Growing increasingly more stressed about the situation, Sue ventures back home to get some insight from Frankie and Mike, plus a little bit of extra cash to go with it, but her state of mind results in her spilling the beans about Lexie, at which point Mike lays down a little bit of Heck family wisdom: when making friends, always friend down rather than up, because if you friend up and start hanging out with rich friends, then eventually your normal life is suddenly going to seem even crappier than it already is. When Sue gets back to her dorm room and gets offered VIP tickets for Taylor Swift’s upcoming concert, she accepts and hears the hearty “just pay me your half whenever you can,” but finally Sue can’t take it anymore: she admits that she’s poor, that Lexie should probably get a roommate who’s on the same financial level as Frankie is, and she’s basically expecting to get the bum’s rush when Lexie erupts and says that she absolutely wants to stay roommates with Sue. It’s clear that the financial middle ground between them is a work in progress, but they’re clearly on the right track, given the sweet ending with them attending Taylor Swift’s concert by sitting in chairs outside the venue. That’s right: Lexie clearly could’ve gone the VIP ticket route, but she wanted to see the show with Sue. Could two young women possibly be more perfect pals? Surely not.
Lastly, we’ve got the little Frankie and Mike story that more or less bookends the episode, with Frankie finding a foreign object in the carpet, spending the episode trying to figure out what it is, and when she finally realizes what it’s forth, she finds out that Mike’s thrown away the object. End result: Frankie demands that Mike’s punishment is that he’s now responsible for making good on a Valentine’s Day that would make her happy. Seriously, it’s a plot thread that really does feel like it was written on the night before filming, but it’s an important one to the episode in the long run, as it gives Frankie her closing narration, where she suggests that we’re all really just “random pieces lost in carpet of life, looking for where we fit.”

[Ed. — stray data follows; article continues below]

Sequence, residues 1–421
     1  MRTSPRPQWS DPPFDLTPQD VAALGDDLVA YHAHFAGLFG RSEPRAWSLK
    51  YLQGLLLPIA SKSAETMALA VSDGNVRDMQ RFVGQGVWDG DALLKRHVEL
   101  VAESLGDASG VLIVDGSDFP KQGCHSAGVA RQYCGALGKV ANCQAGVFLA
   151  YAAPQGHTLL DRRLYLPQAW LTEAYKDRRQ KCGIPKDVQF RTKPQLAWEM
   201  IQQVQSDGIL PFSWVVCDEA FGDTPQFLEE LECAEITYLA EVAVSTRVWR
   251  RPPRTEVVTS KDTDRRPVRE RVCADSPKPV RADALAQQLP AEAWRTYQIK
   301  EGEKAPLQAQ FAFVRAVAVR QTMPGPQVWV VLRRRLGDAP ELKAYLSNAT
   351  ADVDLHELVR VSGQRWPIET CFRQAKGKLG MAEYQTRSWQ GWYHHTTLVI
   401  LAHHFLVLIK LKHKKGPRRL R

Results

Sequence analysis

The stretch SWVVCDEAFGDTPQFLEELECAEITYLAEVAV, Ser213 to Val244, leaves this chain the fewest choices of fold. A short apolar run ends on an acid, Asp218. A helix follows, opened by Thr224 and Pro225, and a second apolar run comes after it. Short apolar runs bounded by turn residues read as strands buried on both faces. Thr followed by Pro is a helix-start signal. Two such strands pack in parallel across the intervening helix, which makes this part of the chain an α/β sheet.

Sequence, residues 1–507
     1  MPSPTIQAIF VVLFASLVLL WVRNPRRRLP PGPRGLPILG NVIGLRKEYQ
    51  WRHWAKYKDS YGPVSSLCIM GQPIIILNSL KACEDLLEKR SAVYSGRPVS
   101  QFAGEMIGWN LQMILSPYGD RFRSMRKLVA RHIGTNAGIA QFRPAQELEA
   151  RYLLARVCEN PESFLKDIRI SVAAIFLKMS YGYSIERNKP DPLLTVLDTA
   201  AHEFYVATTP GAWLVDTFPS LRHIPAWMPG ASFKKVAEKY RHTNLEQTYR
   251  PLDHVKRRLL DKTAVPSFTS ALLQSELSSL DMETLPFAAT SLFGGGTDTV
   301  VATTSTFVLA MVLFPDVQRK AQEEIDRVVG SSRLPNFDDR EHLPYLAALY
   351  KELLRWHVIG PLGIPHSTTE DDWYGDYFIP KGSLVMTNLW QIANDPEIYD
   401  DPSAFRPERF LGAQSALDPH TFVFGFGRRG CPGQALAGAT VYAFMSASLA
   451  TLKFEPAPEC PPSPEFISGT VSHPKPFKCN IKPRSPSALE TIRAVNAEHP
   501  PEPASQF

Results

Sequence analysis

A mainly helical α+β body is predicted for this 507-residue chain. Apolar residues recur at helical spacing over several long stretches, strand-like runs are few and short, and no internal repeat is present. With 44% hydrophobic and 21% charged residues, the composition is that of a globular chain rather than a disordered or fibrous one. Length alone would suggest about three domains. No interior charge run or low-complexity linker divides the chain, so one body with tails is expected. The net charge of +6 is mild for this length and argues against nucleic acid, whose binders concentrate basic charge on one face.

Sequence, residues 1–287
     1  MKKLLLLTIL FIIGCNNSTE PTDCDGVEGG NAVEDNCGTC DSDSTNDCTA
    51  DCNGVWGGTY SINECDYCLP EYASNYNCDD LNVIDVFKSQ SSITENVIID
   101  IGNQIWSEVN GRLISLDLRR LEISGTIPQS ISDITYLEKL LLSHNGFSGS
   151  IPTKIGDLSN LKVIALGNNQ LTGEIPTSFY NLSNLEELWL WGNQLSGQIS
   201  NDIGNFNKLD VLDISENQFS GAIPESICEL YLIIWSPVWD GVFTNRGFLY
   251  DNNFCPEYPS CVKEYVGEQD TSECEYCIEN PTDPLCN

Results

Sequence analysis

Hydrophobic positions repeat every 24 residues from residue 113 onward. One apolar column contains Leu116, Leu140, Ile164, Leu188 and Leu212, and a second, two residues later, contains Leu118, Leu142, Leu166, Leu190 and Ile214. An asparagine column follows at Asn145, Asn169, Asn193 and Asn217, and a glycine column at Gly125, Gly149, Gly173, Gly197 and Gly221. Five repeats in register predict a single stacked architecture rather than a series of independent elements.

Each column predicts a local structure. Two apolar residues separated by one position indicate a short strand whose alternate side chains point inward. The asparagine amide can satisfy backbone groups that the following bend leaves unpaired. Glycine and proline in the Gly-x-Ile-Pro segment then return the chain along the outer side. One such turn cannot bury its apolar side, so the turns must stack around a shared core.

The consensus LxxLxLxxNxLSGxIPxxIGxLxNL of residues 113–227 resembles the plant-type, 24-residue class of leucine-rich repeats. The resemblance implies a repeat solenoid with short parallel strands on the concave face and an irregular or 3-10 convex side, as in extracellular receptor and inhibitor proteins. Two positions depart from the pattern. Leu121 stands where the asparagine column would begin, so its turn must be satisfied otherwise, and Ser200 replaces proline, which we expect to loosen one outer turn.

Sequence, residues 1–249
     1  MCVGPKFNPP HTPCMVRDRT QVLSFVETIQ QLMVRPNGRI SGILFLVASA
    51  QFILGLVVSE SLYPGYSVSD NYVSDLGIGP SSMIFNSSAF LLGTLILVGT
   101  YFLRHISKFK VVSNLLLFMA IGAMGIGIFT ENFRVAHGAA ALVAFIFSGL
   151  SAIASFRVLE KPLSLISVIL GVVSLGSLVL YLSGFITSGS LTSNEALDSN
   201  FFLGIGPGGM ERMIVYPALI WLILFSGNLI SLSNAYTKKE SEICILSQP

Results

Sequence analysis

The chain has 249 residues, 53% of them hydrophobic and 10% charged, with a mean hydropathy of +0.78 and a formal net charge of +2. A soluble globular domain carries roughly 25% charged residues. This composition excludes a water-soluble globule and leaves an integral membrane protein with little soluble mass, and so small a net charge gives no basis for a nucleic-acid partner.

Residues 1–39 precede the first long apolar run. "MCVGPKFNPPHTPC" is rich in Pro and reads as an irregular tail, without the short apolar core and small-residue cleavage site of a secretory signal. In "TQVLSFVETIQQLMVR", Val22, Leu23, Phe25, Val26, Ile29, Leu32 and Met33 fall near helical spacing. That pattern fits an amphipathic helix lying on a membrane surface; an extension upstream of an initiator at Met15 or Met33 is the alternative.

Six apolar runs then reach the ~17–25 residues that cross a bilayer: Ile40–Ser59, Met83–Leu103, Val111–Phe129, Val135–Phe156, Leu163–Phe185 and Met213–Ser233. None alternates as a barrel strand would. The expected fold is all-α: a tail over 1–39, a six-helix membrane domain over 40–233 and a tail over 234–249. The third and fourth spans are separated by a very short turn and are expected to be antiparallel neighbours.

Sure, Frankie. Whatever works for you.
- “Why do you gotta turn everything into an excuse to hug me?”
- Brick’s obsession with filming the perfect Knots Landing tribute was a storyline that probably wasn’t funny to those of you who didn’t grow up watching the long-running Dallas spin-off, but for my part, I’m hoping it leads to a complete-series set of the show.
- I can’t have been the only one who was grinning when Lexie revealed that she’s also a dedicated reader of KickinItCollegeStyle.com. Sue’s bliss was radiating right off the TV screen.
- “I might be willing to tuck up the flaps, but that’s it.”
- “You know, Cindy, you can’t just coast because you’re the director’s girlfriend.” “Well, maybe I soon won’t be.” “There’s the sass I’m looking for!”
- I was actually kind of creeped out by Axl being so stressed that his hair was actually coming out in clumps.
- The only thing funnier than Sue specifically asking if gestating a child for another couple was a big commitment was the fact that Frankie’s only response was, “With all of your extracurriculars?”
- I would argue that this episode featured one of the single best uses of Brad since the series began. It’s magic!
The Goldbergs: “Lainey Loves Lionel”
If you didn’t hit puberty at some point in the early ‘80s, then you can’t fully grasp just how important it was for horny young lads to see Porky’s.
Oh, wait, I’m sorry: you can absolutely grasp it, because it’s the same level of importance that every horny young lad places on any film featuring prominently-placed boobs. What you have to remember, though, is that this was 1980-something, as the series calls it, and boobs on film weren’t nearly as easy to come by as they are with today’s wonderful era of online porn. Porky’s was a film that became a hit more or less by complete accident: word of mouth got around about its raunchiness, and once that word got to the teenage-boy demographic, the number of tickets to other films playing in the theater had a tendency to soar, as the boys would buy tickets to those films and then just sneak in to Porky’s. After that, of course, they’d have to deal with the ramifications of any guilt they might feel about their actions, but you’d be surprised how successfully one’s guilty conscience can be assuaged after one has seen bare breasts on the big screen.
Mind you, I was no more successful at being a rebel than Adam Goldberg was. The only difference is that he went to see Annie, whereas I went to see Soggy Bottom U.S.A.